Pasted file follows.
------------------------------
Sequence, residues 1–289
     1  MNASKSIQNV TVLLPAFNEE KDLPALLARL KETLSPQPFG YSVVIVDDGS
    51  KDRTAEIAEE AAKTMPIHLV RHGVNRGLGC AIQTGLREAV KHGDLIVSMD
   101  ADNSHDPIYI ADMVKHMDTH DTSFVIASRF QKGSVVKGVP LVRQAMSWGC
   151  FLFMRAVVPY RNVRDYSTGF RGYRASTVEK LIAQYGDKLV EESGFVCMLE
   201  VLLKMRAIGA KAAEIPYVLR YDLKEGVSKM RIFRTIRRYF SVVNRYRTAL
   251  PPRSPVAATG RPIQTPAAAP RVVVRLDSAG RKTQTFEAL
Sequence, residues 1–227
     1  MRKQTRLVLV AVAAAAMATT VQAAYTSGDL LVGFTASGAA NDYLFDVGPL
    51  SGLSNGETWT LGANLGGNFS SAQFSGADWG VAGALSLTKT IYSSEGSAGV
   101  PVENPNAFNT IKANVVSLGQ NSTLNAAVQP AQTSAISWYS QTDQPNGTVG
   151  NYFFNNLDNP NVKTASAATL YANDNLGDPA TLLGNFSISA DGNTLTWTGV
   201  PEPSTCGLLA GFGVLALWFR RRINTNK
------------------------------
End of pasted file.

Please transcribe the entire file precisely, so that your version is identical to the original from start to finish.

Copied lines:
Sequence, residues 1–289
     1  MNASKSIQNV TVLLPAFNEE KDLPALLARL KETLSPQPFG YSVVIVDDGS
    51  KDRTAEIAEE AAKTMPIHLV RHGVNRGLGC AIQTGLREAV KHGDLIVSMD
   101  ADNSHDPIYI ADMVKHMDTH DTSFVIASRF QKGSVVKGVP LVRQAMSWGC
   151  FLFMRAVVPY RNVRDYSTGF RGYRASTVEK LIAQYGDKLV EESGFVCMLE
   201  VLLKMRAIGA KAAEIPYVLR YDLKEGVSKM RIFRTIRRYF SVVNRYRTAL
   251  PPRSPVAATG RPIQTPAAAP RVVVRLDSAG RKTQTFEAL
Sequence, residues 1–227
     1  MRKQTRLVLV AVAAAAMATT VQAAYTSGDL LVGFTASGAA NDYLFDVGPL
    51  SGLSNGETWT LGANLGGNFS SAQFSGADWG VAGALSLTKT IYSSEGSAGV
   101  PVENPNAFNT IKANVVSLGQ NSTLNAAVQP AQTSAISWYS QTDQPNGTVG
   151  NYFFNNLDNP NVKTASAATL YANDNLGDPA TLLGNFSISA DGNTLTWTGV
   201  PEPSTCGLLA GFGVLALWFR RRINTNK